Pinto pinto gorgorito
"Pinto, pinto gorgorito" is a Spanish rhyme like "Eeeny Meeny Miney Moe"...
"Pito pito gorgorito" is a variation of the 1st line.
Pinto pinto gorgorito
Speckled, Speckled, Trill, Trill
Rima de sorteo
tú tan bonito
a la era verdadera,
Where are you going?
You, so beautiful!
To the verdant threshing floor*,
Pum, get out!
*"Pinto" means "speckled", "spotted" while the variation "pito" means "whistle" or "woodpecker" –or any bird of the picidae family. "Gorgorito" is the trill birds make when singing –or people when gargling!
**A threshing floor is a smooth floor where a farmer would beat the grain harvest and then separate the grain from the chaff (the seed casing). This line can also be found as "a la acera verdadera" (to the verdant sidewalk).
Sigourney wrote, "Historically, in all of the place names of the western part of the peninsula, names with 'verd' come from verde (green) that is verdant (i.e. green, in full bloom). Adding 'era' to get 'verdadera' makes it a plot of land near the house where greens are cultivated during the first months of the year. That coincides with the birds mating season, when they wear their best colors, and when the pantries are emptied and people go bird hunting. I hope this explanation will be of some help."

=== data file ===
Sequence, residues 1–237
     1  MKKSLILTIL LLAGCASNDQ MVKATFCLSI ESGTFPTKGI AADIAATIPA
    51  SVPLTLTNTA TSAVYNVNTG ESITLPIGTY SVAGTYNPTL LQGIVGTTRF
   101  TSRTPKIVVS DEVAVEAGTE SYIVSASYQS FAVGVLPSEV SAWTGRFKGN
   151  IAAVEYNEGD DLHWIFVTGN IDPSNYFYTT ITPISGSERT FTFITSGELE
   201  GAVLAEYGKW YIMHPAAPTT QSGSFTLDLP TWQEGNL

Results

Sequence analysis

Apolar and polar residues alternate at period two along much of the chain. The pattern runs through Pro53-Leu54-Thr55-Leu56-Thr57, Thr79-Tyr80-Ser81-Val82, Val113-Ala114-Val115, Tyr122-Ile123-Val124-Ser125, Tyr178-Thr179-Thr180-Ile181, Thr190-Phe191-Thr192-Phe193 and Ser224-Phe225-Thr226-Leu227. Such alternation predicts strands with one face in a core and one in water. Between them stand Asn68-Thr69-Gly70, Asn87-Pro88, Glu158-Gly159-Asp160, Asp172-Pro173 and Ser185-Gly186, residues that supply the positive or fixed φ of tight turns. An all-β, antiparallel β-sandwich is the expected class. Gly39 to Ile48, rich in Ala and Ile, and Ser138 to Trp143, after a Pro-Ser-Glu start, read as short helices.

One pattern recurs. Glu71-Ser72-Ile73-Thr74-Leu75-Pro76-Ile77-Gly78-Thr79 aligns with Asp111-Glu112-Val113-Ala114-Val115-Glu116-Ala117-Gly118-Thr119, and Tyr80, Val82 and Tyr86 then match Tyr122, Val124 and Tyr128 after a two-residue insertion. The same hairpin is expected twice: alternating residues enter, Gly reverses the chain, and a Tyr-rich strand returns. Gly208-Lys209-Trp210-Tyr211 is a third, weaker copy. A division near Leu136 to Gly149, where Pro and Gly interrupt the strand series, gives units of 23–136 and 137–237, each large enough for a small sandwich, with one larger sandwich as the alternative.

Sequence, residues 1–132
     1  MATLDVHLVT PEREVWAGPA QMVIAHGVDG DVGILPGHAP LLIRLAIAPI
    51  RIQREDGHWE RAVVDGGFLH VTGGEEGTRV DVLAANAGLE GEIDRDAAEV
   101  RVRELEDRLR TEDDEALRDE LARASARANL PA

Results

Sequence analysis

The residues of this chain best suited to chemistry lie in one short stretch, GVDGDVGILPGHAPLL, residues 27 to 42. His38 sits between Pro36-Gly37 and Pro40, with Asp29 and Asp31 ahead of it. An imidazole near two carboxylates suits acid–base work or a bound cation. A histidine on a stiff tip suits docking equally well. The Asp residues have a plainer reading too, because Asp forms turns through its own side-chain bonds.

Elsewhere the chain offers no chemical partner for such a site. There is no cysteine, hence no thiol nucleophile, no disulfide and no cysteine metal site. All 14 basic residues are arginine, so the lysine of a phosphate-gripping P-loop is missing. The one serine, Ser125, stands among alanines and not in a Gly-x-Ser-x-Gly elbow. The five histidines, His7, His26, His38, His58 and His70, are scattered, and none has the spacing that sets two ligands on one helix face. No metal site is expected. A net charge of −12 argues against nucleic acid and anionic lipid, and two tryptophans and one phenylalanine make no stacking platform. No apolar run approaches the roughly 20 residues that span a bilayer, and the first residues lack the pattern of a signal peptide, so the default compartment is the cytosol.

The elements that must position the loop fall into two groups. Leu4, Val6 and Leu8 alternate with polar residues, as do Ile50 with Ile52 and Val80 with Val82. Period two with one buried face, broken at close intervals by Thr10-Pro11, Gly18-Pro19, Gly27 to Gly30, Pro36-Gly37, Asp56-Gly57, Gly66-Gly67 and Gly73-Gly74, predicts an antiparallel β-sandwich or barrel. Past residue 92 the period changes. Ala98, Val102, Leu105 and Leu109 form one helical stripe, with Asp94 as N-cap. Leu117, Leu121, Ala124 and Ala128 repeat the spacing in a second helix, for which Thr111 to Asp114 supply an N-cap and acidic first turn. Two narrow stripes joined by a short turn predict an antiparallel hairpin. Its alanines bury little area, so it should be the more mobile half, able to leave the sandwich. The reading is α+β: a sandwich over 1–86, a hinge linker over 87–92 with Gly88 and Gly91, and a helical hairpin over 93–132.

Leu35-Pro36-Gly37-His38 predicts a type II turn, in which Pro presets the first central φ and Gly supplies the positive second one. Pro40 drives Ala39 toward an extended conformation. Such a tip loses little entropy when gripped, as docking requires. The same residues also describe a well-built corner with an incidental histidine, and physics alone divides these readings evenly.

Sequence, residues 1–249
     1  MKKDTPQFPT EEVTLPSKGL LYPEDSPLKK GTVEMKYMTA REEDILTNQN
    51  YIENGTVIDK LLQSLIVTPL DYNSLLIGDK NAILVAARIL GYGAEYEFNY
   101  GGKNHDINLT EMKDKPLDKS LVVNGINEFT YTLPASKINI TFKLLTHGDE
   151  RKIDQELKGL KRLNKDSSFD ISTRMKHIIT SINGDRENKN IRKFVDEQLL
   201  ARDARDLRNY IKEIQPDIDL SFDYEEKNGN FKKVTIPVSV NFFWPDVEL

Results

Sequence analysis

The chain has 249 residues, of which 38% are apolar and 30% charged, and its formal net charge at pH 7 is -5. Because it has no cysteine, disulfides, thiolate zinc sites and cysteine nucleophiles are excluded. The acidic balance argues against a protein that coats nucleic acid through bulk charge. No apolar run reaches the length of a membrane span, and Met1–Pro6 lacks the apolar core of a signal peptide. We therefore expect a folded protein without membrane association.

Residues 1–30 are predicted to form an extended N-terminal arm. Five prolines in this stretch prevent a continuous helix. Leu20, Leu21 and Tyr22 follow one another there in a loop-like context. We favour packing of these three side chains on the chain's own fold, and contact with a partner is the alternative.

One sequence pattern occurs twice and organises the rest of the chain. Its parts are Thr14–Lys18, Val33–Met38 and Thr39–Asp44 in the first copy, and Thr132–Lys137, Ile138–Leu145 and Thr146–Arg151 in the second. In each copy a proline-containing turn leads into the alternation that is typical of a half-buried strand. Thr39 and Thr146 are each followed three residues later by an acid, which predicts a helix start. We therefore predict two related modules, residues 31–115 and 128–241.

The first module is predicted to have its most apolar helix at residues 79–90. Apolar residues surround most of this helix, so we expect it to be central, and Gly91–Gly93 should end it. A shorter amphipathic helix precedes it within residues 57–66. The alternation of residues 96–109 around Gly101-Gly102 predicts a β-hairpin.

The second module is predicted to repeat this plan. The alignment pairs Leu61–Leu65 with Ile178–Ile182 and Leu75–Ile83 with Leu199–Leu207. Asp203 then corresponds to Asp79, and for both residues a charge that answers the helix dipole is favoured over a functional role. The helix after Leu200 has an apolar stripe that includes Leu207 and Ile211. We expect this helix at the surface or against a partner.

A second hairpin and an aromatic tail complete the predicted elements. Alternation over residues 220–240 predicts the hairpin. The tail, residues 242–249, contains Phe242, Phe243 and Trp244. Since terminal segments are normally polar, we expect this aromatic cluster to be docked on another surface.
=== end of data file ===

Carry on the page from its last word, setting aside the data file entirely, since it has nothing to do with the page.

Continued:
This line can also be found as "a la acera verdadera" (to the greening sidewalk).
A slightly different version:
Pinto, pinto, gorgorito (Speckled, speckled chirp)
dónde vas tú tan bonito (Where are you going, you so pretty?)
a la acera verdadera, (To the verdant sidewalk)
pim, pam, pum, fuera, (Pim, pam, poom, get out)
tú te vas y tú te quedas. (You go away and you stay.)
Pito, pito, gorgorito (Whistle/woodpecker, whistle/woodpecker, chirp)
¿Dónde vas tú tan bonito? (Where are you going, you so pretty?)
A la era de mi abuela (To my grandma's threshing floor)
Pim, pom, fuera, (Pim, pom, go out)
La vaca lechera (The dairy cow)
Le dijo a Pinocho (Told Pinocchio)
Que contara hasta ocho. (To count up to eight)
¡Uno, dos, tres, cuatro, (One, two, three, four)
Cinco, seis, siete, ocho! (Five, six, seven, eight!)
Thanks and Acknowledgements
Thanks to Sigourney Di Blasi for her help.
Translated by Lisa and Monique.